Monday, August 18, 2008

The Russians in Georgia

Michael Walzer has these thoughts on the Russian incursion into Georgia:

This is an unjust war. That may seem obvious here in the U.S., but the Russians have worked hard to justify their attack, using the humanitarian language that everyone now uses to defend military operations in other people’s countries. It is important to address their claims, especially because they have received some credence in Europe. It is also relatively easy to do that since reporters and human rights activists have been allowed into parts of Georgia now under Russian control. As a result, we know that the South Ossetian city of Tskhinvali has not been destroyed by the Georgian army. “Fighting appears to have been concentrated in two neighborhoods, while buildings in the rest of the city stood intact,” reports the New York Times (August 13, 2008). “Entire residential neighborhoods appear unscathed.” Nor is the Russian claim that the Georgians killed or injured 2,000 civilians credible. Human Rights Watch, checking the local hospital, has come up with the figure of 44 dead and 273 wounded in clashes between Ossetian separatists and Georgian soldiers—and one doctor told reporters that the majority of the wounded were soldiers (New York Times, August 15, 2008). The Putin government apparently believes that anything less than the Big Lie won’t be persuasive, and this Big Lie may be effective in Russia, where the government dominates the media. It shouldn’t be credited in the rest of the world. This isn’t a humanitarian intervention, and it isn’t a peacekeeping operation.

Russian intentions are not benevolent and there is every reason to believe that propped up with oil wealth they will start re-asserting the power of the old empire. The ideological force behind this move is not Communism of the old Soviet Union but nationalism of a Russian state previously humbled by the break-up of the Soviet entity and a devastated economy.

The movement of Georgian soldiers into South Ossetia was reckless, certainly, but it wasn’t the reason—it was only the excuse—for the Russian invasion. The reason lies in American policy in Eastern Europe and the former Soviet Union in the years since 1989, which the Russians have interpreted, not implausibly, as aiming at and achieving a significant reduction in their power and prestige. I don’t think that the policy was necessarily wrong, or wrong at all, but it was, like President Saakashvili’s Ossetian adventure, reckless. We never reckoned on a Russian response or planned for it or consulted with our allies about what might have to be done. Russia’s strategic aggressiveness in Georgia obviously took the Bush administration by surprise. Just like the Iraqi insurgency. Just like the return of the Taliban in Afghanistan. Just like the victory of Hamas in the Palestinian elections. Just like the fall of Musharraf in Pakistan.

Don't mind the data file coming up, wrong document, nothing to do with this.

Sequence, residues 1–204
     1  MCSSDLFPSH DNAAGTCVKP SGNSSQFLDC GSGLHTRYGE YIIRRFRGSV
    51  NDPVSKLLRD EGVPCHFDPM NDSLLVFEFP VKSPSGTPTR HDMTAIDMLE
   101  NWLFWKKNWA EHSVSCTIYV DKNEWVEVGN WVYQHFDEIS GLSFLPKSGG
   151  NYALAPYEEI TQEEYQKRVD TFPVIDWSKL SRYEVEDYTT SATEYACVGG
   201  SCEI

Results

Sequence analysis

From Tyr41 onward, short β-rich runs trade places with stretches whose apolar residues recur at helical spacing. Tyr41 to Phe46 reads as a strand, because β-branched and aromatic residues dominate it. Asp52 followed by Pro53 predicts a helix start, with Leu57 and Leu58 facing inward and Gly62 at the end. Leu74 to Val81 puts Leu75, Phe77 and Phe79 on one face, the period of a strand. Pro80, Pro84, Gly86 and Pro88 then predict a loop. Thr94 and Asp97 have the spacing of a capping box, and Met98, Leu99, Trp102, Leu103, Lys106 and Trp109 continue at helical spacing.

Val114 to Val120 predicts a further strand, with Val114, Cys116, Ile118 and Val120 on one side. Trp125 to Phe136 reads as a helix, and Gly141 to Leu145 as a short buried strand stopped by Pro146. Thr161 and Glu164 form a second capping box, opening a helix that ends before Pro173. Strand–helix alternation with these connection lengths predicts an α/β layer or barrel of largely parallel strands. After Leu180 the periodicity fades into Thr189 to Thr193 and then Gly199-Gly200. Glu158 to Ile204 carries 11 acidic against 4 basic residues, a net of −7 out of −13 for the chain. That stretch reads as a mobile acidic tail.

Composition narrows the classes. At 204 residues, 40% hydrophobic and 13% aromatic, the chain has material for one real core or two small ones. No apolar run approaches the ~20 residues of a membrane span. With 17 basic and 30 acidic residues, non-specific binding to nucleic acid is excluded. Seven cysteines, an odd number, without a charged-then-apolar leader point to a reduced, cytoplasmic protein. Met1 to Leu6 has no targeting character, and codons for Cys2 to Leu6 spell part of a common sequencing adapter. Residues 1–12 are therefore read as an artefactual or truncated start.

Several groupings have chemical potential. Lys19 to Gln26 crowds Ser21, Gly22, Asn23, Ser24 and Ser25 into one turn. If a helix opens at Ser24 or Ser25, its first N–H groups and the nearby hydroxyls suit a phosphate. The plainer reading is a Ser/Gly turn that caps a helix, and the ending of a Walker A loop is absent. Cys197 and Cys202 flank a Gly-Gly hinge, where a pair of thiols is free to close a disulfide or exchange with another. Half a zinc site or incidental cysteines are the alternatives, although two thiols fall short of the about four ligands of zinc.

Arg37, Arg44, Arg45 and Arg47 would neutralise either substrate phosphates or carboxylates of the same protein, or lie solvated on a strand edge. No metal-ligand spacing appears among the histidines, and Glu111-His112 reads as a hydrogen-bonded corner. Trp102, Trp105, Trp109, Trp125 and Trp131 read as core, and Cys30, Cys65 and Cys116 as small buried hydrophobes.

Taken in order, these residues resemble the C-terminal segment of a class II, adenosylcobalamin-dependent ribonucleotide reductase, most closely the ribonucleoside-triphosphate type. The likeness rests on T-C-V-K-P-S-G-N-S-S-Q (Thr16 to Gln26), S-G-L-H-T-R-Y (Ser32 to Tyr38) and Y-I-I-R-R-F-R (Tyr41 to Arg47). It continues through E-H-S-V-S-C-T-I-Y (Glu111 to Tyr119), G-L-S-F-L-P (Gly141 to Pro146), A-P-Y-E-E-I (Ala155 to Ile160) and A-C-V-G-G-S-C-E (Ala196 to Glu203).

Yes. The failure of intelligence has yet again blindsided the United States to see this coming in order to try to prevent this war. In fact, based upon previous statements of encouragement from the White House, Georgians seem surprised the U.S. did not rush to Georgia’s aid. The poor intelligence and empty rhetoric reflect a failure (or lack of) thoughtful policy for the region and, in particular, Russia. What policy exists seems ad hoc – just like Iraq, just like Afghanistan, just like Palestine, and just like Pakistan.

It is clear that another victim of this administration’s obsession with Iraq has been the complete neglect of East-West relations as it pertains to Russia. The world cannot afford such a lapse in attention from the next administration in Washington.

The European response has been particularly weak, and we have to worry that the weakness is due to European dependence on Russian oil—which would be greatly heightened if the pipeline across Georgia and Turkey were cut. I don’t think that the Russians invaded Georgia for the oil; I don’t think that America invaded Iraq for the oil. But oil is a factor in imperial politics, and the EU needs to think about a version of Russian domination that is commercial rather than political or military—an “empire” entirely appropriate to the twenty-first century. One response that the Russians would notice would be a large-scale campaign for conservation and a massive investment in alternative sources of energy.

Foreign policy and energy policy cannot be seen as separate. The primary source of oil is from countries whose democratic credentials are marginal at best and all too frequently are hostile to the West. Yet our insatiable demand for more and more oil – much of it wasted, for example, in gas-guzzling vehicles – only puts more wealth in the coffers of those with unfriendly intentions. There is not enough oil on U.S. (or Western) territory to offset this demand. Only energy conservation and energy diversification can do that.

You can read his entire piece here. (Hat tip to Jeff Weintraub.)

1 comment:

John said...

Nicely put Stephen. It seems that the U.S. no longer has the market cornered on unjust wars though Putin might have lined up the U.N. to sign off on his "special" fraud on the world.

Aside from the war itself, the situation speaks volumes about the incompetency of the Bush Administration with respect to "leading" the world and reading the tea leaves in Georgia.